The first step for parents is to hone their lie-detecting, or at least their lie-suspecting, skills. I am often surprised when parents, who have come to therapy with a child who lies frequently, continue to be inclined to believe whatever the child tells them. This comes from a good place, of course; parents want to trust their children. Unfortunately, blindly trusting a child whose behavior has not been trustworthy does more harm than good. It does not teach an essential lesson that children need to learn: if you tell lies, then people will not trust you. It’s that simple. This step translates into erring on the side of mistrusting when you are not sure whether or not you are hearing the truth.

If you have any doubt about the truthfulness of your child’s claim, the next step is to give her a second chance to tell the truth. Because CYA lies tend to happen too quickly for there to be any thought behind them, also give your child some time to think before you listen to her story again.

Imagine this scenario which played out in a session with Earnest’s family.

Mom: I haven’t even brought this up with Earnest because I’ve been too upset about it, but I think he may have broken a porcelain vase from China that a dear friend gave me as a wedding gift.

[Earnest starts to deny it, but I interrupt him.]

Me: Mom, go ahead and ask Earnest directly.

Mom: Earnest, I went to get the vase out of its box and it was broken. Did you break it?

Earnest: No, Mom, I swear. Why do you always blame me for everything?

Me: Mom, if you don’t believe him, why don’t you give him some time to think about it and then ask him again? Perhaps we can have Earnest sit in the waiting room while he thinks things over.

Mom: I feel bad. Never mind. It’s only a vase.

Me: Earnest, I’d like you to go to the waiting room. In five minutes, I’m going to come and get you so your mom can ask you again about the vase. Remember, Mom will be doubly angry if you don’t tell the truth.

[While Earnest is in the waiting room, I ask Mom why she feels bad. She tells me that she worries she might be falsely accusing her son. I ask her to think about what lesson Earnest will learn if, in fact, he did not break her vase. She reluctantly acknowledges that it is because he lies so frequently that she cannot trust him. She believes he will learn that being mistrusted is a result of his frequent lies. I invite Earnest back into the office.]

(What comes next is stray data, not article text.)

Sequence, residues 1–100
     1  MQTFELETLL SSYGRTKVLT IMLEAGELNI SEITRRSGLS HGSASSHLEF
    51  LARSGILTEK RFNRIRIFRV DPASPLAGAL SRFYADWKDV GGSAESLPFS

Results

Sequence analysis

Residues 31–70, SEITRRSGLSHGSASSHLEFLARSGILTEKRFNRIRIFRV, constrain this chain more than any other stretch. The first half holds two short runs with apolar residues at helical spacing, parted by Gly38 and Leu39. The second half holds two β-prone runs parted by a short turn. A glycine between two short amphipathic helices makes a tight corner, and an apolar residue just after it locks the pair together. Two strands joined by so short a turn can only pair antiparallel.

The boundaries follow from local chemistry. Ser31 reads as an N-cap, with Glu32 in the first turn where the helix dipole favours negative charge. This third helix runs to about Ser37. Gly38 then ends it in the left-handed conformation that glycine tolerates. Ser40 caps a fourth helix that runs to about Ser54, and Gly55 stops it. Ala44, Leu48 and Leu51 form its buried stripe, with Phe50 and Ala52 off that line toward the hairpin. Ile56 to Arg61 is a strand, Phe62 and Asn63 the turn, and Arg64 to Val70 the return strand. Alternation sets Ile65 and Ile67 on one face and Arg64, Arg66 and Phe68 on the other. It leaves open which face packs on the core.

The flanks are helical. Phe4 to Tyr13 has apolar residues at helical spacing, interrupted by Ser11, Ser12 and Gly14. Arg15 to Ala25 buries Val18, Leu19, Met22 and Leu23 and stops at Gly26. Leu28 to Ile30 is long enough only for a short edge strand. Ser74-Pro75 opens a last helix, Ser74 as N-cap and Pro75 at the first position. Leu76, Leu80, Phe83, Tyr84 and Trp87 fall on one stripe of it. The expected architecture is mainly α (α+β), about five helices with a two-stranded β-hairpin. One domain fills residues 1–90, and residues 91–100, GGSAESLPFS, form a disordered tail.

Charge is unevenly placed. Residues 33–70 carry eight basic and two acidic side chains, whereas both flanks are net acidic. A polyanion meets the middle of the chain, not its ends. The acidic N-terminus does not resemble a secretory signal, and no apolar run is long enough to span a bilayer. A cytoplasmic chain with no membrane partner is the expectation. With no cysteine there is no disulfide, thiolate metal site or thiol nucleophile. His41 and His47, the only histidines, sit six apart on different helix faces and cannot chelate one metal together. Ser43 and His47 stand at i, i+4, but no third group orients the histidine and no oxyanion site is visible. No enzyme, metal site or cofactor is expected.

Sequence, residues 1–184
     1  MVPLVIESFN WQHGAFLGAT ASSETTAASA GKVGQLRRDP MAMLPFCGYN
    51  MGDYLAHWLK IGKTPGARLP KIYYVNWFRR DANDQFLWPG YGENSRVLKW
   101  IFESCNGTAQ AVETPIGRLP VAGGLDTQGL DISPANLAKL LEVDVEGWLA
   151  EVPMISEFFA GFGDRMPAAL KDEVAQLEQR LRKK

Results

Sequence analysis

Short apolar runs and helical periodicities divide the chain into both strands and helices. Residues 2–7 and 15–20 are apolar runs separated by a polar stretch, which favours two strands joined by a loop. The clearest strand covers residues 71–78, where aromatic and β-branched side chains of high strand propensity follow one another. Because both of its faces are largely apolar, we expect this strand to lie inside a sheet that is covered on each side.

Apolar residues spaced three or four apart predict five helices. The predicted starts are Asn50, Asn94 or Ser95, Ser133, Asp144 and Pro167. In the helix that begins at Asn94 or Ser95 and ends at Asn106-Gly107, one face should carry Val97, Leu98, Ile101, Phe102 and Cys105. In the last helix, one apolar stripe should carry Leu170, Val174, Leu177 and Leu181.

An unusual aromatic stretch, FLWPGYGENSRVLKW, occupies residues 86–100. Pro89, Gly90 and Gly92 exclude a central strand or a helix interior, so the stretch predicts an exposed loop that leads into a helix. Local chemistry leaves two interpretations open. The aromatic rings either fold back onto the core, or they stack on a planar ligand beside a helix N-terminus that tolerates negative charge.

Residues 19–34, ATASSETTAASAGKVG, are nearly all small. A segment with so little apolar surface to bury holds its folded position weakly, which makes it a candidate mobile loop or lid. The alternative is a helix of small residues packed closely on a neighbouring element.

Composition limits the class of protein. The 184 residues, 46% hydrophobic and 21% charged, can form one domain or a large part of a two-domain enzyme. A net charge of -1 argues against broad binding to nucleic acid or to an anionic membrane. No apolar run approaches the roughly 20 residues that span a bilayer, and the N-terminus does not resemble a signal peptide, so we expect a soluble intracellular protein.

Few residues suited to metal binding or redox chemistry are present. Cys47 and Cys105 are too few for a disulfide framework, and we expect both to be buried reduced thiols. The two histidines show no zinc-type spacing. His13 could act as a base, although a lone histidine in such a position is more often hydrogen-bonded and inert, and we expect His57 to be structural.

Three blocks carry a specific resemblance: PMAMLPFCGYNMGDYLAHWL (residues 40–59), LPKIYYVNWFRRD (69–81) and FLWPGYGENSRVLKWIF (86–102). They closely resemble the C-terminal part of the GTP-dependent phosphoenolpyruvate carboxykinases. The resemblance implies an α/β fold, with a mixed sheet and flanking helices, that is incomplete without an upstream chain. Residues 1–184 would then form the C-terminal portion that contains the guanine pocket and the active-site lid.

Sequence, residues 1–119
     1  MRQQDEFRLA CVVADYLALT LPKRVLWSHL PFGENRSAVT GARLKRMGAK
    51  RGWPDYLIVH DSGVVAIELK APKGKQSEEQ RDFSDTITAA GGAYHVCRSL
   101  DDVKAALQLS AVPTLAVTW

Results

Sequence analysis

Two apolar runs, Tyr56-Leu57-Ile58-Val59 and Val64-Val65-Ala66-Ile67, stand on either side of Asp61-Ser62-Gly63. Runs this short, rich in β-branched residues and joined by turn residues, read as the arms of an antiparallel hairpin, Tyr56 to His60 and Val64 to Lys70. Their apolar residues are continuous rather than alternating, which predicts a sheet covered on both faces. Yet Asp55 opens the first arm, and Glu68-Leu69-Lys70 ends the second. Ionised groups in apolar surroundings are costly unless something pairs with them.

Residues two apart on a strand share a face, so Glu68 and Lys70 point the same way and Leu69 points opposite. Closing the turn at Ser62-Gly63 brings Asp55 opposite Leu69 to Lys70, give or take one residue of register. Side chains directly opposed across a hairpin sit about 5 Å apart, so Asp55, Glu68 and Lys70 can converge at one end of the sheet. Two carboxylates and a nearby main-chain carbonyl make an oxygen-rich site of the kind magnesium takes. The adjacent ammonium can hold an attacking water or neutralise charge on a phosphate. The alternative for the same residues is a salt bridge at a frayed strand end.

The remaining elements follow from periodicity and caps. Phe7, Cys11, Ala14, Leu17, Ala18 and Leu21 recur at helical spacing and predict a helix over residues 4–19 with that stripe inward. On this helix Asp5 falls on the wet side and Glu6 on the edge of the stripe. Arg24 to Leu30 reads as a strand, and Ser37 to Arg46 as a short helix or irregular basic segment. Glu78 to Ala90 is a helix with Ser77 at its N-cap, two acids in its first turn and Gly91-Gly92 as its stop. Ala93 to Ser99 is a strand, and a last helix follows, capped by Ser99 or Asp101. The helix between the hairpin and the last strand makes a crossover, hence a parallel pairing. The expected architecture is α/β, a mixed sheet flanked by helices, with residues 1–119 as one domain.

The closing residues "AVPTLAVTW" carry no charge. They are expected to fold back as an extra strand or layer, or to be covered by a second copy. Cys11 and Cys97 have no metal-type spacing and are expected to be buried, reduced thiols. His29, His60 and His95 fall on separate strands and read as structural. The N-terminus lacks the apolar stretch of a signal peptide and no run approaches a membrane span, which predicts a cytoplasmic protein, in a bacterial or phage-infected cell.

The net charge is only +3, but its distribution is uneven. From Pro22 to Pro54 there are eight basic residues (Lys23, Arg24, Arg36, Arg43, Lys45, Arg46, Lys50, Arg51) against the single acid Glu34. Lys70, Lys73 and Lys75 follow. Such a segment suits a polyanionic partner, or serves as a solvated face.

Earnest (on his way into the office): I did it, Mom. I didn’t mean to. That thing is really fragile. And it happened so long ago that at first I didn’t remember.

Mom: I’m really glad you told me the truth.

Me: So, what happens now? After all, Earnest did break your vase.

Mom: Well, I don’t want to punish him. He did tell me the truth.

Me: Great. I don’t want you to punish Earnest for lying either. You gave him a second chance and he told the truth. I’m really glad he made that choice. Still, he broke your vase.

Earnest: I could buy Mom a new one.

Mom: That vase cost way more money than you have. Plus, Angie brought it from China. It can’t be replaced.

Me: You’re right, Mom. Earnest can’t replace that special vase, but he offered to buy you a new one. That seems like a logical consequence to me.

Mom: Okay, I guess that makes sense.

Once parents get good at this strategy, there is an even better one. It involves setting the stage for truthfulness before asking the opening question. In the above scenario, it might sound like this: “Earnest, I have a question for you, and it may be hard for you to tell me the truth. After I ask, I want you to think it over for at least five minutes before you answer. I’m going to go into the other room so you can really think. Remember, I will be extra mad if you do not tell the truth. Now, did you break the vase that Angie gave me?”

Giving a child a second chance to do the right thing and/or a prompt to think before acting accomplishes several important goals. First, it gives children practice thinking through consequences before they act. It also reinforces the connection between misdeeds and interpersonal strain, for example, between lies and mistrust. Further, it honors the developmental process by helping children grow into behaviors that are naturally hard for them such as being honest about naughty behavior. Finally, it sets parents and children in partnership with one another rather than at odds.